Dhaka, August 24, 2017—The government of Bangladesh today signed a $59 million financing agreement with the World Bank to improve reliability and efficiency of the country’s power system, with the aim to provide reliable and low cost electricity to citizens.
The Power System Reliability and Efficiency Improvement Project will modernize and upgrade Bangladesh’s power system, including installing new software and hardware. This will help the country reduce power outages and load-shedding significantly. The project will enable an automated and integrated operation of the power system and an optimal dispatch of electricity, resulting in reduction of fuel use.
“In the last five years, Bangladesh has doubled its electricity generation capacity to meet the growing demand. Today, about 78 percent of the population have access to electricity, ” said Qimiao Fan, World Bank Country Director for Bangladesh, Bhutan and Nepal. “With rapid increase in the size of the power system, the country now faces challenges of ensuring quality and reliability of electricity supply. The project will help improve efficiency and reliability of the power sector. Reliable and low-cost power supply will make doing business easier and benefit households.”
The project will benefit the government with fiscal savings, as a modern power generation system will cut down fuel use. The project will also lower greenhouse gas emissions by reducing the use of carbon-intense fuel in electricity generation. Further, the project will construct and rehabilitate a 40-km transmission line.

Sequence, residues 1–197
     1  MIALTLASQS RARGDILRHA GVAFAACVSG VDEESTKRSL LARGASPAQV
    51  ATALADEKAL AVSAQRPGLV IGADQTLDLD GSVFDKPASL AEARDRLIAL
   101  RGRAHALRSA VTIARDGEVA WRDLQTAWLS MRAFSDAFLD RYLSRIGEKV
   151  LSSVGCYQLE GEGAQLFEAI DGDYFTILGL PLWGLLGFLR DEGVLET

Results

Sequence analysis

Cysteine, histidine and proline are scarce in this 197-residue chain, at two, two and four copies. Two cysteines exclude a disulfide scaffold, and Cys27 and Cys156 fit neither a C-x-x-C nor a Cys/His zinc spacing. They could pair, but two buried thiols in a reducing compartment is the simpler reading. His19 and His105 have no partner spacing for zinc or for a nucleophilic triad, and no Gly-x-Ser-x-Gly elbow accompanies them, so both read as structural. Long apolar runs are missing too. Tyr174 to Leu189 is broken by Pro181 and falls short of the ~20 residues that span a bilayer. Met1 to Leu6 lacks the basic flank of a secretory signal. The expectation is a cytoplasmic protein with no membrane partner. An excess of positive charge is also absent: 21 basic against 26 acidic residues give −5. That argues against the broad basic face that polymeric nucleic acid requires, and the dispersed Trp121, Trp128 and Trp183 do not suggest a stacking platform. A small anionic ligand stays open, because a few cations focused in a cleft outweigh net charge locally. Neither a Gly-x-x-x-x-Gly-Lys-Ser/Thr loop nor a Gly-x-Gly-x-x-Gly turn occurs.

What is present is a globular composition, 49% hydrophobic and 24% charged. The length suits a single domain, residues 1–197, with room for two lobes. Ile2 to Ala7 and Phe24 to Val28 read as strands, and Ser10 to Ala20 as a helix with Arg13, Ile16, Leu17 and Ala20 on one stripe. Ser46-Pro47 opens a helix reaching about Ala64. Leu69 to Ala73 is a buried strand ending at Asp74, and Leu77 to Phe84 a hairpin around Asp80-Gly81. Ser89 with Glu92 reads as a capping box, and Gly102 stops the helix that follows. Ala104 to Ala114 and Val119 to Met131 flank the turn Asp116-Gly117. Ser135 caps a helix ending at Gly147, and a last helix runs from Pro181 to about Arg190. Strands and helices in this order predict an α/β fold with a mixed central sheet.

“The government is committed to provide electricity to all. The financing will help remove bottlenecks and optimize the national power system to ensure affordable and round-the-clock electricity,” said Kazi Shofiqul Azam, Secretary, Economic Relations Division, Government of Bangladesh.
The agreement was signed by Kazi Shofiqul Azam and Qimiao Fan on behalf of the Government of Bangladesh and the World Bank, respectively, at the Economic Relations Division.
The credit from the World Bank’s International Development Association’s scale-up facility will have a 30-year term, including a nine-year grace period. The World Bank was among the first development partners to support Bangladesh after independence. Since then, the World Bank has committed over $26 billion grants and interest-free credits to the country. In recent years, Bangladesh has been one of the largest recipients of the World Bank’s interest-free credits.